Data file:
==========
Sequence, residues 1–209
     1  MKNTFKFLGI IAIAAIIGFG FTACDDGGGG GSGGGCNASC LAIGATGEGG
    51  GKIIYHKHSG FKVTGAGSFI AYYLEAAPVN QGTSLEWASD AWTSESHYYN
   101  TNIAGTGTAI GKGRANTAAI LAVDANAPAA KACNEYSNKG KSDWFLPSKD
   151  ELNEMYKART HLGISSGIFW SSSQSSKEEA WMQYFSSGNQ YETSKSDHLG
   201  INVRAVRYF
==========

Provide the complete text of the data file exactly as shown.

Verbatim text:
Sequence, residues 1–209
     1  MKNTFKFLGI IAIAAIIGFG FTACDDGGGG GSGGGCNASC LAIGATGEGG
    51  GKIIYHKHSG FKVTGAGSFI AYYLEAAPVN QGTSLEWASD AWTSESHYYN
   101  TNIAGTGTAI GKGRANTAAI LAVDANAPAA KACNEYSNKG KSDWFLPSKD
   151  ELNEMYKART HLGISSGIFW SSSQSSKEEA WMQYFSSGNQ YETSKSDHLG
   201  INVRAVRYF